Richard Cory - Analysis

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Richard Cory - Analysis

By | October 1999
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The narrator in "Richard Cory" by Edwin Arlington Robinson is a low class working citizen telling the reader, in detail, about a distinguished gentleman named Richard Cory who eventually "put a bullet through his head." Almost everyone, including the narrator, would stare at him with awe every time they saw him. He was "imperially slim"(4), always charismatic and well-dressed. He was extremely courteous and polite. He would please everyone's heart with a simple "Good Morning." Then the narrator soon explains that on "one calm summer night" he executes himself by putting a gun to his head. When I first read the poem, I thought it told the story of a young man and his riches. After about my third or fourth reading, I realized this poem is revealing that no matter how suicidal one gets, he or she should know that his or her life is not at its worse.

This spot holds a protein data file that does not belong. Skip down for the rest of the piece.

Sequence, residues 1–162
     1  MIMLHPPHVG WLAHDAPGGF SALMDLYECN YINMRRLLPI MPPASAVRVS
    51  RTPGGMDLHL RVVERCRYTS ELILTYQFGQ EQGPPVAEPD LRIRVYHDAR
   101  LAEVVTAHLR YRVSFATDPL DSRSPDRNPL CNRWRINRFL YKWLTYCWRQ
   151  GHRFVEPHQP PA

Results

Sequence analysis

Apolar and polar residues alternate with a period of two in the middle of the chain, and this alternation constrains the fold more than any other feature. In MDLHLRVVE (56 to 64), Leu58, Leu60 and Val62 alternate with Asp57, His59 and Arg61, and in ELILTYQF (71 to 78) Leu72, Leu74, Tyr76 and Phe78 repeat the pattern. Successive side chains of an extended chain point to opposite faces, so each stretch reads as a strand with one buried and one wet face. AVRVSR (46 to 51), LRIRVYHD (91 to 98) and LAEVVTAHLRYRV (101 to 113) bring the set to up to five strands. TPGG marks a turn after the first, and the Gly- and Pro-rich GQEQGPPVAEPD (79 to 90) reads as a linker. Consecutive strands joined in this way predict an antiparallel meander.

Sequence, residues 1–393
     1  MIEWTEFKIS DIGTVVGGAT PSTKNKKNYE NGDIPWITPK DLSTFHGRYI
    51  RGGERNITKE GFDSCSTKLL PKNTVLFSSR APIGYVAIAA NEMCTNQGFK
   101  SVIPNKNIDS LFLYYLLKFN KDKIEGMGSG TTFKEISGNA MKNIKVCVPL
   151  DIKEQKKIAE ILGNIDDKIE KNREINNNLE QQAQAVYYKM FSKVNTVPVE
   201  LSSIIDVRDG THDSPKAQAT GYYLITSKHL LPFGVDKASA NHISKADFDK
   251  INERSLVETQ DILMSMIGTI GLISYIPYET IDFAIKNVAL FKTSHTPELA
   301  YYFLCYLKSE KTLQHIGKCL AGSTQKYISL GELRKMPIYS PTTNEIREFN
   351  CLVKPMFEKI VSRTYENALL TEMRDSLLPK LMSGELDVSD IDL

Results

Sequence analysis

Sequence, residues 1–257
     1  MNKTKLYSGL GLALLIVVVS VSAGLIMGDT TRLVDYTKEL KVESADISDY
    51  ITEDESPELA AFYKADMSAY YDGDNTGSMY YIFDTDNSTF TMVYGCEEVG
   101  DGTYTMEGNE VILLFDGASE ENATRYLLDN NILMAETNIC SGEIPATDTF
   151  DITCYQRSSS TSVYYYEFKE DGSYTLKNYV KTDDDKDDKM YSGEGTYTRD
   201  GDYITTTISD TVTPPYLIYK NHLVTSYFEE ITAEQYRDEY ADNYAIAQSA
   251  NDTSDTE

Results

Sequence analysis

The first two lines of the poem are "Whenever Richard Cory went down town,/We people on the pavement looked at him." After only reading those two lines and not knowing what the poem was about, I thought Richard Cory must be someone very special. When finishing the first stanza, I thought to myself, "Who is this man and why are they so star-strucked by him?" After reading it again, I found that maybe the "people on the pavement" worked for a low salary and rarely saw anybody that looked, dressed, and conducted themselves in a pleasing manner. The bystanders are probably questioning what a man with such taste and an aristocrat would be doing in that part of town.

When I read the second stanza, I could hear his deep smooth voice, "...he fluttered pulses when he said,/Good Morning..." The moment I read "he fluttered pulses" when he talked, I could see young girls giggle, older women getting warm feelings inside, and men being surprised to hear his voice even though they've heard it before. When the poem read, "he was always human when he talked," I did not quite understand. Soon afterward, I realized the...

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